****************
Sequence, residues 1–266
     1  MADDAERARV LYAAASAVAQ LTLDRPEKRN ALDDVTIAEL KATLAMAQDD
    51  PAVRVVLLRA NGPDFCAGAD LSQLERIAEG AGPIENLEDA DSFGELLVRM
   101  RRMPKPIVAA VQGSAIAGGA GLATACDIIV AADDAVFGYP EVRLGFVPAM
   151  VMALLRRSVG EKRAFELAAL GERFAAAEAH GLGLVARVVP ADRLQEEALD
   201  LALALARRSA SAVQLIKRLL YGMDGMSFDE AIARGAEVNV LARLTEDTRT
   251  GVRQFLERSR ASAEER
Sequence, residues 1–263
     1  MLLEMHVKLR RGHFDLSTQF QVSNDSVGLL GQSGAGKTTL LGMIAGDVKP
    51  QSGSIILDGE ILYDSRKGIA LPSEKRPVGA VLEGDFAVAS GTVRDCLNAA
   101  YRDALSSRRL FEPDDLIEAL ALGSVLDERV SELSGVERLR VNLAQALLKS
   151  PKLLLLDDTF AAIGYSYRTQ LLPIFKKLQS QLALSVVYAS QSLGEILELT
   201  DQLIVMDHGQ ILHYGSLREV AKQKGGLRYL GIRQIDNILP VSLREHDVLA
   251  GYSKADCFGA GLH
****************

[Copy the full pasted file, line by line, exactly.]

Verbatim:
Sequence, residues 1–266
     1  MADDAERARV LYAAASAVAQ LTLDRPEKRN ALDDVTIAEL KATLAMAQDD
    51  PAVRVVLLRA NGPDFCAGAD LSQLERIAEG AGPIENLEDA DSFGELLVRM
   101  RRMPKPIVAA VQGSAIAGGA GLATACDIIV AADDAVFGYP EVRLGFVPAM
   151  VMALLRRSVG EKRAFELAAL GERFAAAEAH GLGLVARVVP ADRLQEEALD
   201  LALALARRSA SAVQLIKRLL YGMDGMSFDE AIARGAEVNV LARLTEDTRT
   251  GVRQFLERSR ASAEER
Sequence, residues 1–263
     1  MLLEMHVKLR RGHFDLSTQF QVSNDSVGLL GQSGAGKTTL LGMIAGDVKP
    51  QSGSIILDGE ILYDSRKGIA LPSEKRPVGA VLEGDFAVAS GTVRDCLNAA
   101  YRDALSSRRL FEPDDLIEAL ALGSVLDERV SELSGVERLR VNLAQALLKS
   151  PKLLLLDDTF AAIGYSYRTQ LLPIFKKLQS QLALSVVYAS QSLGEILELT
   201  DQLIVMDHGQ ILHYGSLREV AKQKGGLRYL GIRQIDNILP VSLREHDVLA
   251  GYSKADCFGA GLH